I’m really not a fan of January, and I’m glad to see it go. February, at least, holds some excitement. Today, for example, even as I am writing, somewhere in the frozen eastern United States a thousand brilliant people are standing outdoors cheering on a grumpy groundhog named Phil, wondering if this stuporous rodent, so unceremoniously removed from hibernation, will be able to predict the weather in the entire United States for the next six weeks.  Now that’s pretty exciting stuff.  Phil bats .500, as a rule. This is high winter drama indeed, but, after today, February kind of returns to the same mid-winter malaise as January.

I’m not depressed. Really.  Not much anyway.  This is just Jim in winter, after Christmas.  I love Christmas, and I especially love the lights. (If I had been born a bass, my penchant for shiny and sparkly things would have quickly sealed my doom!)  Each year I fight my own little rebellion against the stark, bland, blackness of winter by leaving my Christmas lights on much longer than the average neighbor. There’s just something reassuring and winsome about turning the corner onto Everett Street as I head home and there my lights shine, a collective beacon of hope in the drab darkness. It welcomes and reassures me, while at the same time probably reassuring my neighbors that the local pastor is a bit…. strange.

All of this to back up the sad fact that last week I surrendered to winter as I succumbed to said neighborly (and wife-ly) peer pressure and the tyranny of the calendar, and I took down my outdoor lights, a task I find as enjoyable as, say, doing tax prep. IMG_0292I carefully evicted them from trees and shrubs and neatly coiled each string, where I laid it like a wreath of expired joy on the bleak dead brown freeze-dried Bermuda grass. But I’m not depressed.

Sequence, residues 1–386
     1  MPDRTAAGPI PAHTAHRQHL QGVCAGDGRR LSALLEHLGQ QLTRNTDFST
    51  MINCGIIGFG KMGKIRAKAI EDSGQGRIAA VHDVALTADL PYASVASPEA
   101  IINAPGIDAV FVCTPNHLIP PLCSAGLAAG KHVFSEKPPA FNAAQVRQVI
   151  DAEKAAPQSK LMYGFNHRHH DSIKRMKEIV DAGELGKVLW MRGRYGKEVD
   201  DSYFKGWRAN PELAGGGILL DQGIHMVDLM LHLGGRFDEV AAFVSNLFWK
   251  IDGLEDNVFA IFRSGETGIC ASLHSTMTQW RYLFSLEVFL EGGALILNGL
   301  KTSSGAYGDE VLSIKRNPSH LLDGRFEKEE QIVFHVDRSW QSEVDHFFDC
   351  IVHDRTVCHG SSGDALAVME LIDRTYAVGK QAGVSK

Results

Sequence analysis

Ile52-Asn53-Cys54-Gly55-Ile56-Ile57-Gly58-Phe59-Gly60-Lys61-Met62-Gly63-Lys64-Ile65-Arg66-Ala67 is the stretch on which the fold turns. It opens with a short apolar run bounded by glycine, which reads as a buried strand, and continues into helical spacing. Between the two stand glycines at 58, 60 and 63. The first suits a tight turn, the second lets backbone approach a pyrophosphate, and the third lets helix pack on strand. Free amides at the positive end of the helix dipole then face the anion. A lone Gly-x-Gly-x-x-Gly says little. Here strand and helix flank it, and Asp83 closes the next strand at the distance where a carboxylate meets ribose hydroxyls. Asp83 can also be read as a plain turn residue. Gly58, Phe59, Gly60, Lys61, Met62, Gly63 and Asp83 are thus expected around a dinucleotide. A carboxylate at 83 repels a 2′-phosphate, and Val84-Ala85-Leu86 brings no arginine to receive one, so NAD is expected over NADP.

It is, of course, necessary to put away Christmas stuff or it wouldn’t be special at Christmas. If it was never dark, never cold—well, we wouldn’t appreciate the power of light and the sanctity of warmth. It is unavoidably true in our lives that there are going to be seasons bright and shiny and warm and joyous—while others are “January” times—winter. Cold. Hard. Brittle. Grey. It’s just life. And thankfully it’s just a season. And all seasons pass. The nights are already getting shorter, the brave daffodils have already stuck their own tender shoots skyward, as if cheering on the grumpy groundhog and betting, foolishly perhaps, that there will not be six more weeks of winter. IMG_0294The tree and rose bush limbs in my yard are pregnant with buds, and the warmer days of late have the henbit and dandelion armies poised for their yearly coup attempt against the dictatorial Bermuda grass. Winter has just about had its say, and spring will soon overthrow it.

The Bible says something in terms of a natural covenant, very early in its pages: “As long as the earth endures, seedtime and harvest, cold and heat, summer and winter, day and night will never cease.” (Genesis 8:22) That is a guarantee from God that some things continue to change, just according to schedule, as they always have. It’s also a proof that God and his decrees for nature, seasons and cycles, will endure as long as the earth endures. The cycle of change, I guess you could say, is a powerful statement that He won’t, that He doesn’t –that this God who ordains the seasons and tells them when to shift—is just as constant and just as involved in the simple and not-so-simple details of our daily lives.  And that puts us in good hands.

So it’s dark again on my street and maybe the neighbors have stopped wondering so much about my odd-ness. January’s over and February won’t last. And, word on the streets in Philly is that Phil–the “prognosticator of all prognosticators”-did indeed not see his shadow, and is predicting an early spring. You go Phil! I hope you’re right!